You might not have backlash, but you almost certainly have some amount of mirror flop as almost all SCTs do. You want to setup the backlash compensation such that it moves the mirror against gravity. You could start with a random amount maybe like 50-100 steps and see how that works.



Just wanted to thank Chris again for taking the time to remote into my machine and help me out. We didn’t have clear skies but hopefully he has me heading in the right direction. The next opportunity I have and weather permits, I will be determining my step size, backlash and proceed down the path to auto focusing. Definitely more to it than I thought there was.



Just remember that you aren’t flying blind because with an sct you can feel the backlash and loading of the mirror as you turn the knob. The backlash compensation is probably at least a half turn of the knob.

So an important thing to know is how many steps there are in a full turn of the primary focuser knob. That will be dependent on your setup - but it’s easy to determine by watching the knob and telling the focuser to step perhaps 100 steps initially - and seeing how far it goes.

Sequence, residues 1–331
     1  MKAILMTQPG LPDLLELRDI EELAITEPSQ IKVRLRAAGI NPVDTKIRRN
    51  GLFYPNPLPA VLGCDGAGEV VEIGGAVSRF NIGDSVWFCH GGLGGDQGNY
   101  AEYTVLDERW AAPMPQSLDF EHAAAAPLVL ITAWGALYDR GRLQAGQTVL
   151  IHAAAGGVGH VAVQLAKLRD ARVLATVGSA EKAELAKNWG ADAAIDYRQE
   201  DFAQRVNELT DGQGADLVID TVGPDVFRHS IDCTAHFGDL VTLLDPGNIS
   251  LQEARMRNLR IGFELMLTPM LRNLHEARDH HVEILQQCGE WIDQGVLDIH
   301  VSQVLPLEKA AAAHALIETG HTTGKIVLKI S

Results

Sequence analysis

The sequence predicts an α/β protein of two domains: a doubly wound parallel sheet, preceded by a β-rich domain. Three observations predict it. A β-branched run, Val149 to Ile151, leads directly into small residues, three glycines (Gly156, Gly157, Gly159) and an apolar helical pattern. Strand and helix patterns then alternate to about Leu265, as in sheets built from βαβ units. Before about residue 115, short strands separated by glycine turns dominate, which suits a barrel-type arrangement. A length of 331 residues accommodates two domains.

Once you know the number of steps in a full rotation, a good starting point would be to set backlash compensation at half that number, set number of focusing steps to be 9, and set the steps between focus positions to be the number of steps needed to turn it 5 degrees.

This would cause the autofocus routine to go through 45 degrees turn of the knob - which is more than what I show above, but should be a good starting point. If it is too flat, make it bigger; if it is too steep make it smaller.

So - you don’t need clear skies to determine many of these numbers - and you do need to be physically at the scope and watching it to know the physical step size, in degrees, and to know which direction turns the knob clockwise vs. counter clockwise. It is important that as the focus numbers go down, the knob is turning CCW - so the mirror is being pushed up against gravity.



Just updating those that are interested in this thread. I have had cloud and and or rain since Chris gave me remote help. So I have yet to try the autof-ocus changes and run an image sequence. I don’t recall ever seeing a summer quiet like this before. So much for the sunny south. Will report back when I have some details